KrioRus Brain Freeze Technology
KrioRus is a Russian firm that claims to have succeeded in developing brain-freeze technology that will let you live on indefinitely.
( Head of Russian cryonics firm KrioRus Danila Medvedev )
...clients of Russian cryonics company KrioRus believe the brain operates like a computer hard-drive and its contents can be frozen and stored for the future.
"We know that the personality is stored in the brain. So when a person's body is old, there's no reason to keep it," said Danila Medvedev, who runs KrioRus, the first cryonics outfit outside the United States.
"We tell our clients it's cheaper, safer and probably better preservation just to freeze the brain," said Medvedev, a smart executive sporting a suit and an iPad.
Cryonics -- or the freezing of humans in the hope of future resuscitation -- is illegal in France and much of the world, but KrioRus has stored four full bodies and eight people's heads in liquid nitrogen-filled metal vats.
While a few are kept at home by their client's relatives, most are lumped together in containers at the firm's rusting warehouse, where an old desk now serves as a step to allow visitors to peer into the icy-mist where the bodies are stored.
"You would just need to launch their hearts... then you have a person who is living again," Medvedev said, counting on the swift progress of nanotechnology and medicine to help reverse the initial cause of death.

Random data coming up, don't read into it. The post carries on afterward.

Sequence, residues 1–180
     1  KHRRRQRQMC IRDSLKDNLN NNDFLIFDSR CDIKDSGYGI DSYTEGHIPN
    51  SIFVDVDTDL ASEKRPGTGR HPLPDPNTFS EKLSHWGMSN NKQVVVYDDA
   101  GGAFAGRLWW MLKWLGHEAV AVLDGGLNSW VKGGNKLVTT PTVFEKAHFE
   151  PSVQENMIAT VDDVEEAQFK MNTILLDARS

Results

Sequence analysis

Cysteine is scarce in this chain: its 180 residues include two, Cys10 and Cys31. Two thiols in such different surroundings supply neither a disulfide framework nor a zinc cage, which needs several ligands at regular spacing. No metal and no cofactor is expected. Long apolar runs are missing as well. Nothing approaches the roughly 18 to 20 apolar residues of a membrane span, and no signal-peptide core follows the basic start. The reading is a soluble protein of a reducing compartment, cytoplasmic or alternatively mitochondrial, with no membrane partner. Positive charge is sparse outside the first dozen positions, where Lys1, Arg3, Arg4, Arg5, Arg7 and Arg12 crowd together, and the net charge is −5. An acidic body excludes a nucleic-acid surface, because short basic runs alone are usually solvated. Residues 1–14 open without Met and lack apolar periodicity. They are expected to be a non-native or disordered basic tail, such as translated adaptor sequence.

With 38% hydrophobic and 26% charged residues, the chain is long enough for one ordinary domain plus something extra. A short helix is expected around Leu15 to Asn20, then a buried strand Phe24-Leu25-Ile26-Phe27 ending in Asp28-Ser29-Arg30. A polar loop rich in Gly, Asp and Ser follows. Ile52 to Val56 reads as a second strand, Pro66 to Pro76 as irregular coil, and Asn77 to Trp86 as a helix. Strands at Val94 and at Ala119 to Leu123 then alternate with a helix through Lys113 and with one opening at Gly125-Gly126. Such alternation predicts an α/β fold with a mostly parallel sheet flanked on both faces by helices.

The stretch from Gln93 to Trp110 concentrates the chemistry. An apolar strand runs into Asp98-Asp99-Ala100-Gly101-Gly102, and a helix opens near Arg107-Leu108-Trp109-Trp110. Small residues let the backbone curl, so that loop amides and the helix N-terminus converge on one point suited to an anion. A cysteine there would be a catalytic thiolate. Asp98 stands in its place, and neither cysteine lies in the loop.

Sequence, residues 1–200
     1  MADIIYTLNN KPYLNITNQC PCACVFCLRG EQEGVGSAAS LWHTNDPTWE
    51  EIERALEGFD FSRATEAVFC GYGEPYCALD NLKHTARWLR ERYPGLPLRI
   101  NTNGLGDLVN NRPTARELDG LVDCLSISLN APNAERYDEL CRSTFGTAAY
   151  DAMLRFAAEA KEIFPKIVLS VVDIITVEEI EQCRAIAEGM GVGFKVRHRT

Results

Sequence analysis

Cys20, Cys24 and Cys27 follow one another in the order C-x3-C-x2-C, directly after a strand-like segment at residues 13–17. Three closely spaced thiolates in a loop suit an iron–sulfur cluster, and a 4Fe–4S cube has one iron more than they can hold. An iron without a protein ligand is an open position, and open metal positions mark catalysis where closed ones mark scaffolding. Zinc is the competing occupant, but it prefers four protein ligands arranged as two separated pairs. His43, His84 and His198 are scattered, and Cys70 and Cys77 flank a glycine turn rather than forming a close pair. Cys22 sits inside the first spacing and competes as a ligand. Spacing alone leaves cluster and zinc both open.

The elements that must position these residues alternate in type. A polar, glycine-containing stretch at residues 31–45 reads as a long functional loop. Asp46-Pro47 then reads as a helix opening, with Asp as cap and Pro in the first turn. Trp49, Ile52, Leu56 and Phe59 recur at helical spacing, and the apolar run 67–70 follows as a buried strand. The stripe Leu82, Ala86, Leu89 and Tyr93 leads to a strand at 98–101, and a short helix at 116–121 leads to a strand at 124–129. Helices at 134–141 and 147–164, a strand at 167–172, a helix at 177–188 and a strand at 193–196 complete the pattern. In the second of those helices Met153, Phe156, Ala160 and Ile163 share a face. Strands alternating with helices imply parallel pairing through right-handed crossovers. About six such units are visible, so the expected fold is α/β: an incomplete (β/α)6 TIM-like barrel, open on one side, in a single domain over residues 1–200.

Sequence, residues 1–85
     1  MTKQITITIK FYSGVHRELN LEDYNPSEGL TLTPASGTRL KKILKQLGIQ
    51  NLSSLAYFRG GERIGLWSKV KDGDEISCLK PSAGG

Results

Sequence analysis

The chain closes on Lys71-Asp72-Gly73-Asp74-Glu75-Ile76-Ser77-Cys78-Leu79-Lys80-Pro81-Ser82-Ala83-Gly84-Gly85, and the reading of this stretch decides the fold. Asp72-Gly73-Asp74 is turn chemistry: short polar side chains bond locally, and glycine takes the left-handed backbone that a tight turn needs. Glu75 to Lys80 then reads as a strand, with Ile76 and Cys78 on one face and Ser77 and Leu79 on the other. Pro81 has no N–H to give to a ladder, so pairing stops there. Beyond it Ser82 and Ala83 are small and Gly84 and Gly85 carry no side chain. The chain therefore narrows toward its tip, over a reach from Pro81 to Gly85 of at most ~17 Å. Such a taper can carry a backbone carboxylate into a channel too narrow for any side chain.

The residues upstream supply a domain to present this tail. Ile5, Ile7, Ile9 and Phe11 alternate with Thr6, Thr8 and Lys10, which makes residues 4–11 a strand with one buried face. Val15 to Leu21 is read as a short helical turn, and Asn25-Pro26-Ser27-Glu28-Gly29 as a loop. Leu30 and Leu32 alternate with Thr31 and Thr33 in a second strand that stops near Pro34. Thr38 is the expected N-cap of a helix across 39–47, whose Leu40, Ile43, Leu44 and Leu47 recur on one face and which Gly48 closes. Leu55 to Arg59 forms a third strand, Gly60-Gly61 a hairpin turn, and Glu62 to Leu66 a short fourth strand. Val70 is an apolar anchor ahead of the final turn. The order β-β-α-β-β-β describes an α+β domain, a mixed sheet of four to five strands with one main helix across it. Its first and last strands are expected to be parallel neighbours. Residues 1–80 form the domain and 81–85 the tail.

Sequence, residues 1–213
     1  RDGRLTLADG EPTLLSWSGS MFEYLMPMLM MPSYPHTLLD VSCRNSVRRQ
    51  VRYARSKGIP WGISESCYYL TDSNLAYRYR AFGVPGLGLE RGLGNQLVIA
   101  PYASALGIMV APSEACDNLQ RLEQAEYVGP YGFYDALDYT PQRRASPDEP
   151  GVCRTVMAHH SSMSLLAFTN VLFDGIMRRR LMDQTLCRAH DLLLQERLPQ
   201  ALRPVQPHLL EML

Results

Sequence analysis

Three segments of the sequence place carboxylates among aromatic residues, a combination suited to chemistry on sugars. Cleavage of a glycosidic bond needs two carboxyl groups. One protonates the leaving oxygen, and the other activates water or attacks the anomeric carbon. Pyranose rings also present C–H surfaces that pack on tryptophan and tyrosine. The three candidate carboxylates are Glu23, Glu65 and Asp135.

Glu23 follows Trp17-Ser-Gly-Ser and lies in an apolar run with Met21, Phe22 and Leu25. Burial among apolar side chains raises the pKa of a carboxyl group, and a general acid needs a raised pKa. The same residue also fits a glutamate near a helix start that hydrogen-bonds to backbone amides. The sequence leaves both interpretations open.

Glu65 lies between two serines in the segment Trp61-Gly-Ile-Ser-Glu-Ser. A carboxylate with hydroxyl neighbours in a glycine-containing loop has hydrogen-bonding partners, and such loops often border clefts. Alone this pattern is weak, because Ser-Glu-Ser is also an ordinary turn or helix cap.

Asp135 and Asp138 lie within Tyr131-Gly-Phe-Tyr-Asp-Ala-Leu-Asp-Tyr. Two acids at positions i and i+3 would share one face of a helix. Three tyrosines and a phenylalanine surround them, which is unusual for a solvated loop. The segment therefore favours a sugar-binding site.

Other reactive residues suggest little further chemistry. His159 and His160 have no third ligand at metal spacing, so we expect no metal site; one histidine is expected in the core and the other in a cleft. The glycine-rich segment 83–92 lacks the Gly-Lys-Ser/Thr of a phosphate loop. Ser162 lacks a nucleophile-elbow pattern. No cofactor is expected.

Fans of Futurama are readily familiar with scenes like this one - inside the brain warehouse.
(Strolling through the brain warehouse)
I think Robert Heinlein had the right basic idea in his 1961 novel Stranger in a Strange Land:
Yet the boy was right; shape was irrelevant in defining "Man", as unimportant as the bottle containing the wine. You could even take a man out of his botle, like that poor fellow whose life those Russians had "saved" by placing his brain in a vitreous envelope and wiring him like a telephone exchange.
See also the reference for Roger Zelazny's EverRest Cryotorium and of course Frederik Pohl's corpsicle.
Via Physorg; their article also gives space to the skeptics who think that this technology might not work (gasp!). Thanks also to Moira for contributing the tip and a reference for this story.
Scroll down for more stories in the same category. (Story submitted 7/1/2010)
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